Visual AI and the Digital Humanities: Practical approaches

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University of Exeter Digital Humanities Lab

Digital Humanities Seminar Room 1

Exeter

United Kingdom

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Workshop on using AI approaches to search and manipulate image collections. No prior experience required.

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by Dr Giles Bergel, University of Oxford

Computer vision is perhaps AI’s most visible success story. This hands-on workshop will show attendees how to use free and open-source software to search, classify, compare and annotate large collections of images. Online demos and datasets will be provided, but attendees are encouraged to bring their own images. The workshop will be followed by a seminar discussing the state of the art in computer vision within DH, and exploring critical and ethical issues around such controversial technologies as facial recognition.

Attendees will need to bring a laptop. All the exercises can be followed either through online demos, or by installing computer vision software on your own device (if so, please follow this guide to pre-installing the software in advance of the workshop). No other preparation is required. If you are unable to bring a laptop, you may borrow one from the DH Lab, email digitalhumanities[at]exeter.ac.uk to confirm.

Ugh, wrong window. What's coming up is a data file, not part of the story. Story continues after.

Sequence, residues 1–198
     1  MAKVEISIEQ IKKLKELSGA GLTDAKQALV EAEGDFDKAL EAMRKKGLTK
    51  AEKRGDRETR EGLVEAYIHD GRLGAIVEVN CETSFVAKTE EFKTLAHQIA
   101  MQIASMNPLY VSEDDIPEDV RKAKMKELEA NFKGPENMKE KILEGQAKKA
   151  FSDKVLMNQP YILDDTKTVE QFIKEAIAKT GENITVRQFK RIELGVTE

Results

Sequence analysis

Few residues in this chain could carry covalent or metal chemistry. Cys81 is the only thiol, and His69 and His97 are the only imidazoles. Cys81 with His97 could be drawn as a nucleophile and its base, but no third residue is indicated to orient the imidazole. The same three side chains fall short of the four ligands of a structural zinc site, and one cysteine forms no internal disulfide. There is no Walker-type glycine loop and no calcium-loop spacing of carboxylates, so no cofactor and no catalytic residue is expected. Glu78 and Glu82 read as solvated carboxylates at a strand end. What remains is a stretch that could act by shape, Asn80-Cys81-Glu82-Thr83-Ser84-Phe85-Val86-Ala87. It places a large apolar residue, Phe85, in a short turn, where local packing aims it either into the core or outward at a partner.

For those who work with large image sets, there may be the opportunity to conduct work on your own images in Dr Bergel’s workshop on visual AI. Please get in touch with the Digital Humanities team to help facilitate this (digitalhumanities@exeter.ac.uk).

Dr. Giles Bergel is Digital Humanities Research Ambassador in the Visual Geometry Group at the University of Oxford.

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Don't forget to join us for Dr Bergel's seminar following the workshop! 4-5.30pm, DH seminar room 1 (no booking required): AI has been forecast to enhance, replace or efface diverse human capabilities. Computer vision has been at the leading edge of the current AI boom, but is only now starting to impact and to be understood within the humanities. This talk, complementing a hands-on workshop earlier in the day will give an overview of the current state of the art in computer vision applications in DH, exploring both DH’s critical and ethical contributions to the debate around such controversial technologies as facial recognition, and the technical improvements that humanists have made to artificial visual understanding.

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University of Exeter Digital Humanities Lab

Digital Humanities Seminar Room 1

Exeter

United Kingdom

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